“The Language of Flowers,” by Vanessa Diffenbaugh, FIC DIFF
I can’t stop gushing about Vanessa Diffenbaugh’s first novel, “The Language of Flowers.” Apparently, I’m not the only one. Recently released (August 23), the book is garnering much praise, and is now a bestseller.
Victoria, abandoned at birth, gains independence from the foster care system when she turns 18. Withdrawn and lacking social skills, the only way Victoria knows how to communicate with others is through the Victorian “language of flowers,” which she learned from the only person she ever dared to love. Growing up, Victoria revels in the fact that no one appreciates the messages in her bouquets. When Victoria gets a job at a local flower shop, she becomes popular with the patrons through her use of the archaic language. Then she meets Grant, a vendor at the flower market, who challenges her solitude using the very language she covets.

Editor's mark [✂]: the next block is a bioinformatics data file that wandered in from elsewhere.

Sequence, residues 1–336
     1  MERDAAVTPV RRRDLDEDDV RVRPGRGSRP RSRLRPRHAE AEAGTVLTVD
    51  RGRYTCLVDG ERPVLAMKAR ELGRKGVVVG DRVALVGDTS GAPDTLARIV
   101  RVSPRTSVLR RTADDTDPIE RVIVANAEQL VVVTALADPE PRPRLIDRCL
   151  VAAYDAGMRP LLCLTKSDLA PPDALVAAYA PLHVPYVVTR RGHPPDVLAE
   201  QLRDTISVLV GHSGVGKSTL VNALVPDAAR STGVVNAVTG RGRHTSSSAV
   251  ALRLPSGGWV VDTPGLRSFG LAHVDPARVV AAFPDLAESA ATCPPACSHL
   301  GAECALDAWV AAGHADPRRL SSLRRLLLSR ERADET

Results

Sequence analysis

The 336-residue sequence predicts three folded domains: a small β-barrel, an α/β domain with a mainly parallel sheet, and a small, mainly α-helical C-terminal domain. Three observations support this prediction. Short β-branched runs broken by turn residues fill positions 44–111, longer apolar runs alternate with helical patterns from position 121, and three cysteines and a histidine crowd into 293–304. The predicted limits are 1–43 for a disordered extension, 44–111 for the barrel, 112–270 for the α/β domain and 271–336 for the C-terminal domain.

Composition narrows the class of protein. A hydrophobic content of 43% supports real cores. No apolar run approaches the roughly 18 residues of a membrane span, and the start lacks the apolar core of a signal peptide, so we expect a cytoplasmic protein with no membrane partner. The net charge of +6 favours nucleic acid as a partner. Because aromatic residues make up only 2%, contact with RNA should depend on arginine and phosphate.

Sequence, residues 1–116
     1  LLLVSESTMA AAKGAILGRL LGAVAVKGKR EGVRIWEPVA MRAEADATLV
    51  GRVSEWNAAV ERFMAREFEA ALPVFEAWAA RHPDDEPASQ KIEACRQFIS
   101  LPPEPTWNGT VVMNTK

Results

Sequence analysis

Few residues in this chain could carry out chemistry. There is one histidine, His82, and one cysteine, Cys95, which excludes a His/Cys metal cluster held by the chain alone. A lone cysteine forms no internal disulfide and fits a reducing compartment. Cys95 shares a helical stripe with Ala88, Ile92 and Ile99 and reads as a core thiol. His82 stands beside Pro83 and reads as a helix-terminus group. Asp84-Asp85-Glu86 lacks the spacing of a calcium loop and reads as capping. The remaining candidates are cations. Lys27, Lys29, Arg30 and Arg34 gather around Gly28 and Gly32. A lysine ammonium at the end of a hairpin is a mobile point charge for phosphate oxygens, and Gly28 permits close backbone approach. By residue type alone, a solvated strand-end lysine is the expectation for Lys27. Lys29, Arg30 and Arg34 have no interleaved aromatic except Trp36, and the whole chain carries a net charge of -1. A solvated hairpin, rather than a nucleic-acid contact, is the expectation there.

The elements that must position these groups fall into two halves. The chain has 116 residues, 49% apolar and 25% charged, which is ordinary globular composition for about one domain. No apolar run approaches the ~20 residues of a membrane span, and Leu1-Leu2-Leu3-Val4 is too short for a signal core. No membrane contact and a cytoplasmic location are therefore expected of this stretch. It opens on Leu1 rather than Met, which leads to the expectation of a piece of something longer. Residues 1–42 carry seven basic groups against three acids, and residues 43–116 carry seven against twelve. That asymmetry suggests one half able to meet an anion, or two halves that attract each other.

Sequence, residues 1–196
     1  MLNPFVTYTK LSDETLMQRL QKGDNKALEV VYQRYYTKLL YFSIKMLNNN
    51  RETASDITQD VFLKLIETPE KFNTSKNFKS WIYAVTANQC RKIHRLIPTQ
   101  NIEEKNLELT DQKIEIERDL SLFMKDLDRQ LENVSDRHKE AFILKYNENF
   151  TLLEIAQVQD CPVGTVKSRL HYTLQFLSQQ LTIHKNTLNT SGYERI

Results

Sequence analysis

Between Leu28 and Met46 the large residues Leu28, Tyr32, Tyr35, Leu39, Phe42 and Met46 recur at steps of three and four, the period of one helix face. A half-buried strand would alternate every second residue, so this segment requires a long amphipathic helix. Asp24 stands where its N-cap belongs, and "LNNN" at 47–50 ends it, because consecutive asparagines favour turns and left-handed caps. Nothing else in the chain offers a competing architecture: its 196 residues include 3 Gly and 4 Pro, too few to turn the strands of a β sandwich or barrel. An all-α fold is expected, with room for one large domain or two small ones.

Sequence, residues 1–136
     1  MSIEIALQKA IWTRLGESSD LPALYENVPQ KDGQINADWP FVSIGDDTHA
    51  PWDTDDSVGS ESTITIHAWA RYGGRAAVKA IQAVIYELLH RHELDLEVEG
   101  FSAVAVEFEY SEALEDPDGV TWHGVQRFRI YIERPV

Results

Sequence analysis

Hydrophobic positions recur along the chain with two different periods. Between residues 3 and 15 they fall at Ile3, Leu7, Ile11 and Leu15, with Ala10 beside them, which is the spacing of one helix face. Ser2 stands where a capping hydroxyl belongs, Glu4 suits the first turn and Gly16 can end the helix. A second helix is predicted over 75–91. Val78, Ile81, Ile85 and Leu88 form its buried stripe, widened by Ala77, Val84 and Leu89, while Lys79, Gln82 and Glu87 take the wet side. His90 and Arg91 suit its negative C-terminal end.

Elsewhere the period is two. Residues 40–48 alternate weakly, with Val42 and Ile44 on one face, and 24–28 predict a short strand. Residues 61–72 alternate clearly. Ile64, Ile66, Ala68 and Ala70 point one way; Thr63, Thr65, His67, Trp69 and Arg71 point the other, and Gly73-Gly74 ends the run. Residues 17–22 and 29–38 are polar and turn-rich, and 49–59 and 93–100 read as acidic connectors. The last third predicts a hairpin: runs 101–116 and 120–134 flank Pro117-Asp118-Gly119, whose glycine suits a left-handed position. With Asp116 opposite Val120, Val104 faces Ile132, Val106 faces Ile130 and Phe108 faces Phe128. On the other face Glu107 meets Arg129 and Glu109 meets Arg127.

The story alternates between Victoria’s present and her past, slowly revealing the reasons behind her insecurity and self-isolation. Diffenbaugh does a fantastic job of foreshadowing without revealing too much or beating the reader over the head with it. The time jumps are perfectly executed.
As both a character study and a critique of the foster care system, “The Language of Flowers” is a success. The characters are wonderfully complex, each with a back-story of his or her own. I particularly loved Grant, whose patient courtship of Victoria will melt every girl’s heart. Victoria’s experience as a foster child will provide readers with much to think about and discuss, as will Victoria’s perception of herself, the obvious result of her childhood experiences.
Victoria’s dependence on the language of flowers is the thread that ties the whole novel together, and is part of what made the book fascinating for me. I was delighted to discover Victoria’s dictionary appended to the book.
“The Language of Flowers” best suits readers who enjoy character-driven novels and stories of hope in the face of adversity. An interest in and appreciation of flowers is not essential, but adds another pleasurable component to the experience.